Defendant has also moved to dismiss plaintiff's second cause of action based directly on the insurance policy. Liberty Mutual argues that, under the terms of the policy, the exclusive method for resolution of disputes concerning claims for benefits is arbitration. This argument has something of a hollow ring coming from a defendant which has steadfastly refused to submit a claim to arbitration, even to the point of disregarding a court order to appoint an arbitrator. Nevertheless, several factors suggest that this court should defer to the arbitration process rather than consider immediately the issue whether plaintiff is entitled to benefits under the policy.
First, while plaintiff argues, citing Commercial Union Assurance Co. v. Hocking, 115 Pa. 407, 8 A. 589 (1887), that defendant's conduct amounts to a waiver of its right to arbitration, Pennsylvania doctrine on the waiver of arbitration provisions is not as clear as plaintiff suggests. Hocking is not on point. The ruling that the agreement to arbitrate there in issue could be revoked turned on the fact that the parties had merely agreed to appoint arbitrators and had not named any specific tribunal; the Hocking court did not announce a doctrine of constructive waiver based on a bad-faith refusal to arbitrate. Boyle v. Hamburg-Bremen Fire Ins. Co., 169 Pa. 349, 32 A. 553 (1895) is somewhat closer to the mark; however, it also fails to articulate a constructive waiver doctrine as broad as plaintiff's theory. The defendant-insurer in Boyle had failed to attempt to negotiate a settlement of the disputed insurance claim; and the court, finding that such negotiation was a condition precedent to invoking the policy's arbitration provisions, held that the defendant had no right under the contract to demand arbitration. Beyond these nineteenth century decisions, there appears to be no further guidance on the subject from the Pennsylvania Supreme Court. In fact, the only recent decision is Guerriero v. Potomac Ins. Co., 69 Pa. D. & C. 2d 77, 80 (Lycoming County Comm.Pl.1974), which holds that an insurance company's refusal to submit to arbitration permits the insured to treat the arbitration provision as waived and to proceed in court for breach of the policy. This case, however, provides no analysis and cites no authority for the waiver doctrine. Given the paucity of authority in this area, I will not accept plaintiff's invitation to fashion a doctrine of constructive waiver when a party refuses to submit to arbitration. See also Gavlik Construction Co. v. H. F. Campbell Co., 526 F.2d 777, 783 (3d Cir. 1975) (federal and Pennsylvania law favors resolution of disputes through arbitration; therefore, waiver is not to be lightly inferred); Nuclear Installation Services Co. v. Nuclear Services Corp., 468 F. Supp. 1187, 1194 (E.D.Pa.1979) (same).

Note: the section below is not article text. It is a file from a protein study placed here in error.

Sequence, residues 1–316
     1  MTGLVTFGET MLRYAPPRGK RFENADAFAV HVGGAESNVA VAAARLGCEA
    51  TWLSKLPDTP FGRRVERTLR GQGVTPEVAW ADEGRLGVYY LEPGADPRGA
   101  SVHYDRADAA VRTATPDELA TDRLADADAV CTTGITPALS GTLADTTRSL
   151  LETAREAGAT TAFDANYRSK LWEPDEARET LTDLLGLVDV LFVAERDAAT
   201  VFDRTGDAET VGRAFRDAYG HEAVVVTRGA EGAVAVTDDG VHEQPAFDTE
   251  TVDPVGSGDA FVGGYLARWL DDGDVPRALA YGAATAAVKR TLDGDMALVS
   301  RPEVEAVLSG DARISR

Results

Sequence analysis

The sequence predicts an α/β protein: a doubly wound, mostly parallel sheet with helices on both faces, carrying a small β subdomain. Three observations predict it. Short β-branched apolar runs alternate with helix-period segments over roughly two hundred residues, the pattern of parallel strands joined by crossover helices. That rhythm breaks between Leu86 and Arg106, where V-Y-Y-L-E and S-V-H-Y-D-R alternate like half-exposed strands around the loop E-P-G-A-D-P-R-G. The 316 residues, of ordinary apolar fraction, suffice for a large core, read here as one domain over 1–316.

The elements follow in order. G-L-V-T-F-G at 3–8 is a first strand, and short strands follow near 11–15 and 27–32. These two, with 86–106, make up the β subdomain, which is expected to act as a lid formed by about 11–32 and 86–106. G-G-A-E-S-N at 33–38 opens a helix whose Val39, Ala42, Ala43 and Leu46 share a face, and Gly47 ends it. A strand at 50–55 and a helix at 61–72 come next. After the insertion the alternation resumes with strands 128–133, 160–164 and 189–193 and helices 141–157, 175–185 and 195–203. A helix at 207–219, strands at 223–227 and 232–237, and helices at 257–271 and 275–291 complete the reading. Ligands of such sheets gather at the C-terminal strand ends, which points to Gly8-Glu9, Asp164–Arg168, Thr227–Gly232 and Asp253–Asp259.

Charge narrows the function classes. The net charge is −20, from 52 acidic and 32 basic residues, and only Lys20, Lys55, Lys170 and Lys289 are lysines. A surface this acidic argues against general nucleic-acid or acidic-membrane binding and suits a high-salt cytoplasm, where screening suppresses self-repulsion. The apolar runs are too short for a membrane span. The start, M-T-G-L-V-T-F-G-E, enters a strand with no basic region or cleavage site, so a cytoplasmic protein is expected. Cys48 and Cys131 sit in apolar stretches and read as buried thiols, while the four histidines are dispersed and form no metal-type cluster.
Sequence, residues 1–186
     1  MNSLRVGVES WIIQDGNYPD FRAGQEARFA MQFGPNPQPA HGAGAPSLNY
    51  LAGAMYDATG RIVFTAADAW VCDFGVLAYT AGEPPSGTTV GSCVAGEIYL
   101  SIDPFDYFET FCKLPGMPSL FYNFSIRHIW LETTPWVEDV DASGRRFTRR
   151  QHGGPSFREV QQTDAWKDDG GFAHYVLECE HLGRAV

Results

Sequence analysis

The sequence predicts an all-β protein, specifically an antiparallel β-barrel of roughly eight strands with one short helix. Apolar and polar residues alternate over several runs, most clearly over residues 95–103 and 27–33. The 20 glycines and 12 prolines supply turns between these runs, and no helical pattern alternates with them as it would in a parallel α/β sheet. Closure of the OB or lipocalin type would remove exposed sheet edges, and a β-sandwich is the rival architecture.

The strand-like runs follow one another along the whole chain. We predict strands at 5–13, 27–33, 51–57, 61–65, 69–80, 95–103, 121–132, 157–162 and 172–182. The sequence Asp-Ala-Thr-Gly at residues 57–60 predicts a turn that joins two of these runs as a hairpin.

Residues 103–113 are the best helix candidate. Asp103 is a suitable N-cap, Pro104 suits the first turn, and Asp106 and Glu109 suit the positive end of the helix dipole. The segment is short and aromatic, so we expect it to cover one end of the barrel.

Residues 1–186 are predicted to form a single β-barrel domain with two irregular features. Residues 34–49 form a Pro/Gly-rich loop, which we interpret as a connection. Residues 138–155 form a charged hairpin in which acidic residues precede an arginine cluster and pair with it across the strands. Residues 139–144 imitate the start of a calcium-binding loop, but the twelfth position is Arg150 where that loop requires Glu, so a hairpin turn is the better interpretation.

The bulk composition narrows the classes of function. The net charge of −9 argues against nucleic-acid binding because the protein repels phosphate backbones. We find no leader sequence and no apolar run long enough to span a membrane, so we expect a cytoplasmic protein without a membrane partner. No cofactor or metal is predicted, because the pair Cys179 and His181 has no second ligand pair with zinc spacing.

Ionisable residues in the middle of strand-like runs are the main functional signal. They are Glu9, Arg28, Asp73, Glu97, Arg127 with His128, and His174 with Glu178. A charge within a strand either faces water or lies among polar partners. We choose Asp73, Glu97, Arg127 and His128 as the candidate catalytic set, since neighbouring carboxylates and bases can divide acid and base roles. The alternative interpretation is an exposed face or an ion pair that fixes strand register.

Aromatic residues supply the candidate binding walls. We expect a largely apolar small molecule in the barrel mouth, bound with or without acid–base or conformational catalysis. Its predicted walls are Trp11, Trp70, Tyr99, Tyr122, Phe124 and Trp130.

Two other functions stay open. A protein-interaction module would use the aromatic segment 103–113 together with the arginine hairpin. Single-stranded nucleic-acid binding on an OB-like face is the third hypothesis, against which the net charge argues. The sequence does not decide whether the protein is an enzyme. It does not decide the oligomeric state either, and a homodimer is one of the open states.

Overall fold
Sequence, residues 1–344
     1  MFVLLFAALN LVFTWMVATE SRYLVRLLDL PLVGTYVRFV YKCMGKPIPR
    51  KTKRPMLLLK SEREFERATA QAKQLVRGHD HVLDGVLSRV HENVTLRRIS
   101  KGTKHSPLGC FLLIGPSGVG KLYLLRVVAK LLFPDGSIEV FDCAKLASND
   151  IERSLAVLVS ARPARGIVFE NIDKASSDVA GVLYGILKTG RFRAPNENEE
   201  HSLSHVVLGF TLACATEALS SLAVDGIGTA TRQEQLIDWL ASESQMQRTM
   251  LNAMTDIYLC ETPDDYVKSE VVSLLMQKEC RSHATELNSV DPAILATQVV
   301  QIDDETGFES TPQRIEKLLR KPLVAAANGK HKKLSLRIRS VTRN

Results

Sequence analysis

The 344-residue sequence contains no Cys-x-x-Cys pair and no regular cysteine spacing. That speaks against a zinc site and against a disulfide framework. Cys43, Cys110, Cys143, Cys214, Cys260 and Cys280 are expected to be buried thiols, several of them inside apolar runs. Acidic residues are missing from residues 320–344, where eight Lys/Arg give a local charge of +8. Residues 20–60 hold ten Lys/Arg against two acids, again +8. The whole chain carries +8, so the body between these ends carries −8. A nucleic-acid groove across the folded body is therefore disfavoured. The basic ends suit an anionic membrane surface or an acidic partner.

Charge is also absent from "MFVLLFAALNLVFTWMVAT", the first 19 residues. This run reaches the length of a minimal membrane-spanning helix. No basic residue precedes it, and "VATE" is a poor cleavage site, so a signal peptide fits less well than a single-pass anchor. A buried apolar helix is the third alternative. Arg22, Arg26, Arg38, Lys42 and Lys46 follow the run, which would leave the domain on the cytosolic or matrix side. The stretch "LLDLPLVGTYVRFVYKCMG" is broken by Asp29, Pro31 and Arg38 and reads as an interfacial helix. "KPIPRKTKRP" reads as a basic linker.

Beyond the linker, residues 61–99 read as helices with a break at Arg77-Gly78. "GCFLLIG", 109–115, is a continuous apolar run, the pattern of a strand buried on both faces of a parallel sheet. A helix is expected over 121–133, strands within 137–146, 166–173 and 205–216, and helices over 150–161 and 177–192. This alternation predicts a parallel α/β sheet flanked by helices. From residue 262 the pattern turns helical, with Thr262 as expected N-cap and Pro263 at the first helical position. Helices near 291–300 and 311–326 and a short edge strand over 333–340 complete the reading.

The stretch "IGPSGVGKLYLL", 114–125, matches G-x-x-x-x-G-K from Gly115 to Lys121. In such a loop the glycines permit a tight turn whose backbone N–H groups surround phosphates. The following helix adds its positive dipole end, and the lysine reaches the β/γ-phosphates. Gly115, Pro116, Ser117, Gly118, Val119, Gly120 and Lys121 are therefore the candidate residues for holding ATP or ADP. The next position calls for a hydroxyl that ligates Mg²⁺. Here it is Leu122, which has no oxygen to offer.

Second, deference to the arbitration procedure appears warranted in light of Pennsylvania's clear general policy in favor of enforcing agreements to arbitrate disputes. See National Grange Mutual Ins. Co. v. Kuhn, 428 Pa. 179, 236 A.2d 758; Preferred Risk Mutual Ins. Co. v. Martin, 436 Pa. 374, 260 A.2d 804 (1970); 42 Pa.Cons.Stat.Ann. §§ 7303-7305 (procedure to compel arbitration).
Deference to the arbitration procedure is particularly appropriate where the state courts have determined that arbitration is the proper path. In this instance there is outstanding an order of the Court of Common Pleas of Delaware County directing the defendant to appoint an arbitrator-an order which defendant has not obeyed. This court will not simply ignore that order. Its enforcement should yield plaintiff the relief he is entitled to. Since plaintiff has not pursued that presumably available remedy, defendant's motion to dismiss the second cause of action will be granted.
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